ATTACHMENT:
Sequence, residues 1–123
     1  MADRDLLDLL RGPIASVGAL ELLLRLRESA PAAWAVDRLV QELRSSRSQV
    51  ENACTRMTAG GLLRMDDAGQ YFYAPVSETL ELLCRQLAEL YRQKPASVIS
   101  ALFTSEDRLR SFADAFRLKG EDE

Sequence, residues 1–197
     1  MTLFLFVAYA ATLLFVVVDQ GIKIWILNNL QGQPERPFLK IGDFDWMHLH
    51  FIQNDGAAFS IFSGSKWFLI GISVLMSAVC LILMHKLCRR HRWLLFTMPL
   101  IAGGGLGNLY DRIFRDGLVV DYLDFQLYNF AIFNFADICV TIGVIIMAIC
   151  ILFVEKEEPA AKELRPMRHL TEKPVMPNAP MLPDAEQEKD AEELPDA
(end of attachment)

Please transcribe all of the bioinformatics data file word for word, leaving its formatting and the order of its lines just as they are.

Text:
Sequence, residues 1–123
     1  MADRDLLDLL RGPIASVGAL ELLLRLRESA PAAWAVDRLV QELRSSRSQV
    51  ENACTRMTAG GLLRMDDAGQ YFYAPVSETL ELLCRQLAEL YRQKPASVIS
   101  ALFTSEDRLR SFADAFRLKG EDE

Sequence, residues 1–197
     1  MTLFLFVAYA ATLLFVVVDQ GIKIWILNNL QGQPERPFLK IGDFDWMHLH
    51  FIQNDGAAFS IFSGSKWFLI GISVLMSAVC LILMHKLCRR HRWLLFTMPL
   101  IAGGGLGNLY DRIFRDGLVV DYLDFQLYNF AIFNFADICV TIGVIIMAIC
   151  ILFVEKEEPA AKELRPMRHL TEKPVMPNAP MLPDAEQEKD AEELPDA